Anais Mitchell


I first met Anais Mitchell down the kitchen utensil aisle of Wilkos.  I was looking for a new mop and couldn’t decide between the Vileda Ultramax flat mop, or the unbranded Kentucky mop.  I held the Vileda in my left hand, the Kentucky in my right.  

Excuse me, came a voice from around my elbow.  I looked down and was met with a disarming smile strapped with a guitar. 

Yes? I asked.

 I’m sorry, said the woman who owned both the guitar and the smile, I can’t help notice you are shopping for a mop.  

What gave it away? I asked, charmingly.  

She laughed, touched my elbow affectionately and said, Seriously, there’s no competition, just look at them.  I looked.  She continued, The Vileda is a monstrosity, it has so many moving parts, so many fiddly plastic hinges and clasps, how could you even consider it next to the simple elegance of the Kentucky?  I blushed.  I felt shame at her words.  She was right and I had known it all along.  The Vileda was nothing more than a broken mop in waiting, designed to be as flimsy and impractical as possible, the head a fragile, replaceable pad that looked like it would tear if it so much as looked at the sticky side of a day-old spillage of vermouth and lemonade.  The Kentucky, on the other hand, looked like it could mop wreckage off a Tenerife runway.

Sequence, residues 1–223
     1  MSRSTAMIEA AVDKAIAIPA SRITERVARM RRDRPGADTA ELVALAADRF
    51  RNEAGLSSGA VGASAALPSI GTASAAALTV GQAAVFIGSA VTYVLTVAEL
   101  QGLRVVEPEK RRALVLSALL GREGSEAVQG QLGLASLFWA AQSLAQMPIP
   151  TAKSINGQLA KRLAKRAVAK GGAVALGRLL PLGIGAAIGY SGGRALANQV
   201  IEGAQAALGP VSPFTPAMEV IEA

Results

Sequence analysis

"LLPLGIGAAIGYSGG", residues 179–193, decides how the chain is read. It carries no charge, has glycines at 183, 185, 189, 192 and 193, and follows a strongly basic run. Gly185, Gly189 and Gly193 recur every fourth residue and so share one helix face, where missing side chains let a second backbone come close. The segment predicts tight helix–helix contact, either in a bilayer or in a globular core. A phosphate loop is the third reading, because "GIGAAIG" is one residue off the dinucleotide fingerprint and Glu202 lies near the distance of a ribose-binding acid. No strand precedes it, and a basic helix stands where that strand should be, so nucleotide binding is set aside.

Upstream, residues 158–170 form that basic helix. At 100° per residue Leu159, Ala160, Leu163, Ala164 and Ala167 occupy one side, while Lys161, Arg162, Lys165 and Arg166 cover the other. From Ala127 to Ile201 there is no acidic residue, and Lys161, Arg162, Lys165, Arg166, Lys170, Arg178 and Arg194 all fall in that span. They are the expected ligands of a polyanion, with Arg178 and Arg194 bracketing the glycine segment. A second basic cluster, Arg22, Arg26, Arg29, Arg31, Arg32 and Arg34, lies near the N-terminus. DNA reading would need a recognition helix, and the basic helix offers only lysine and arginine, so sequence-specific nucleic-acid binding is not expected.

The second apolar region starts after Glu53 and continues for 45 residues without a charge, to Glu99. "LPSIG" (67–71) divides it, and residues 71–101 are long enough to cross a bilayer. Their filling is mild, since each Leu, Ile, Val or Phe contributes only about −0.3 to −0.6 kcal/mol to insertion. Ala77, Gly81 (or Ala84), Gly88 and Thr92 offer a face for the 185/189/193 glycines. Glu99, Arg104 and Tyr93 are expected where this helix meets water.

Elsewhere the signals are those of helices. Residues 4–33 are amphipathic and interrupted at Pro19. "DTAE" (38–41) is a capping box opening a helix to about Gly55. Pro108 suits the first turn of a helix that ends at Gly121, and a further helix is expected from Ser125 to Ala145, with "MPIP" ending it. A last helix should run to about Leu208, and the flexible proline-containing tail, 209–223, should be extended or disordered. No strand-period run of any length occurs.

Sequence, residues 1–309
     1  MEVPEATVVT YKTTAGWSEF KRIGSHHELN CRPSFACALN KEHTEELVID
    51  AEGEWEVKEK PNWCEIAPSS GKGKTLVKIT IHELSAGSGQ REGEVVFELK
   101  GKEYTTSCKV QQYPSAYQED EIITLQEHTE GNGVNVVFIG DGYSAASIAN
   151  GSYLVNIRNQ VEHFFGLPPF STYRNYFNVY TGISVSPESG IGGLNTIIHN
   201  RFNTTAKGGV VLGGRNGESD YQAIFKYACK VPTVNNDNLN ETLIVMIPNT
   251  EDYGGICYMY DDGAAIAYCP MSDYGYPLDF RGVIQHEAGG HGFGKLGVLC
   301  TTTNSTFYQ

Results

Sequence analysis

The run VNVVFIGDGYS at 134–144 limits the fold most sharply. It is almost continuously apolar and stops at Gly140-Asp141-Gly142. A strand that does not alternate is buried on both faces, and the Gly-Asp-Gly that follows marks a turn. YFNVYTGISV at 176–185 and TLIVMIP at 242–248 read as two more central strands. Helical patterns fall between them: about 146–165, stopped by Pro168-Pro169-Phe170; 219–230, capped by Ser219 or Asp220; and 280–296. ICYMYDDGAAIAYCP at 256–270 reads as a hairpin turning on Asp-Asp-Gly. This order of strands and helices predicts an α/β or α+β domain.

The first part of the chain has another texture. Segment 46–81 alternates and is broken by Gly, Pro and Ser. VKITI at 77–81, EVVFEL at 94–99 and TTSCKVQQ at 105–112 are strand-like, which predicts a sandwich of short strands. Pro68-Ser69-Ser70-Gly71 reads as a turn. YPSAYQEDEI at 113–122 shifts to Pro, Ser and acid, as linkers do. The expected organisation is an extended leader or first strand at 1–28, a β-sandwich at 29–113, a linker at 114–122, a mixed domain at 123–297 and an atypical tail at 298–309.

I think you are right, I said.  

I know I am right, she said.  I found her confidence alluring.  At the same time, I also found it annoying.  She must have sensed my shifting mood and quickly said, I don’t mean to offend you, it’s just that I once made the same mistake I saw you about to make.  I was seduced by the Vileda and spent years buying replacement heads.  It cost me thousands in post-war hyper-inflated Deutschmarks.  There was sadness in her voice, regret, a touch of anger.  

Thank you, I said.  I put the Vileda down.  We shared a silence, a common sort of silence created between strangers who have shared a moment neither was prepared for.  It was I who spoke first.  

You play? I asked, pointing to the guitar she carried.  

I do, she said.  

Play for me, I asked.  

Sure thing, she said.  She then proceeded to play the song Dyin Day from her album Young Man in America(2012).  When she had finished, she helped me mop my tears from the floor using the Kentucky, and we’ve been friends ever since.   



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